Patient Questions


Is an "Under the Muscle" Breast Implant Really Under the Muscle?

I was told by a plastic surgeon that an under the muscle implant is not actually under the muscle. This is very misleading. I know there are overs and unders and partial unders. Do you have to specify to a doc that you want complete unders?


Breast implants REALLY totally under the muscle

Thanks for your question -

Subpectoral (or under the muscle) breast augmentation is far and away the most common placement of implants for breast augmentation. The reason why is there are several benefits to implants being under the muscle.

There is a lower rate of scar tissue formation around the implantsThe implants are more protected against infection.The implants are better hidden by the extra layer of tissue that comes from subpectoral implantation.

However, many times the implant is not completely under the pectoralis muscle. The muscle itself is a triangular shaped muscle that is broadest at the mid portion of your chest and narrowest at your shoulder. If you draw it on paper you can see that it is quite common for the inferior portion of an implant to not be completely covered by the muscle.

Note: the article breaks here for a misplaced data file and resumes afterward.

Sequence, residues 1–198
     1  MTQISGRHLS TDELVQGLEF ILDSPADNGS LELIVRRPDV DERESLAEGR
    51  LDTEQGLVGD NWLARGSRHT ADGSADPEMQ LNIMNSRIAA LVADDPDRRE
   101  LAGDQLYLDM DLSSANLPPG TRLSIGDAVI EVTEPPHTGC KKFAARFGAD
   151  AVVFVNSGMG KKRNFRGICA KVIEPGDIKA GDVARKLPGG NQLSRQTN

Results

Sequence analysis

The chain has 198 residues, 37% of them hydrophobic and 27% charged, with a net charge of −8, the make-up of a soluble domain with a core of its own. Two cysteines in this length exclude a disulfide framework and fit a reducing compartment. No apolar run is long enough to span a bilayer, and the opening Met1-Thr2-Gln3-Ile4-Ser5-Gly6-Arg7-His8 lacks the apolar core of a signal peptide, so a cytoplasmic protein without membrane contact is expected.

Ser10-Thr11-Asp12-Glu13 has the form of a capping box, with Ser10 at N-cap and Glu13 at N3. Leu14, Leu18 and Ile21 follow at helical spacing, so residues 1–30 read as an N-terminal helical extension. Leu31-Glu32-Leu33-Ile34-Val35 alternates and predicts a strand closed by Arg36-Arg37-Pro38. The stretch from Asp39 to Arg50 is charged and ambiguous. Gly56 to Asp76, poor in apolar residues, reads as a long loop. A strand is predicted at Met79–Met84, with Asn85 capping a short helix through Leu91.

That being said the benefits mentioned above still apply even if your implant is somewhat not under the muscle at the inferior edge.

For small implants many times the implant is completely covered by the muscle.

Breast shape also factors into this. Patients with breasts that are low set or sag somewhat who are not considering breast lift may also have less implant covered by the pectoralis muscle. The answer for this is anatomy - your pectoralis muscle does not significantly change in position as you age... where as your breasts may. Forcing a surgeon to confine a moderate sized or greater implant completely under the muscle will likely guarantee you a very odd shaped breast (a double bubble where the implant is higer than the breast).

In some cases where patients have significant sagging in our San Francisco area practice we actually propose a "dual plane" approach which is a newer technique for capturing the best of both worlds.

It is a complicated question - I hope this helps.

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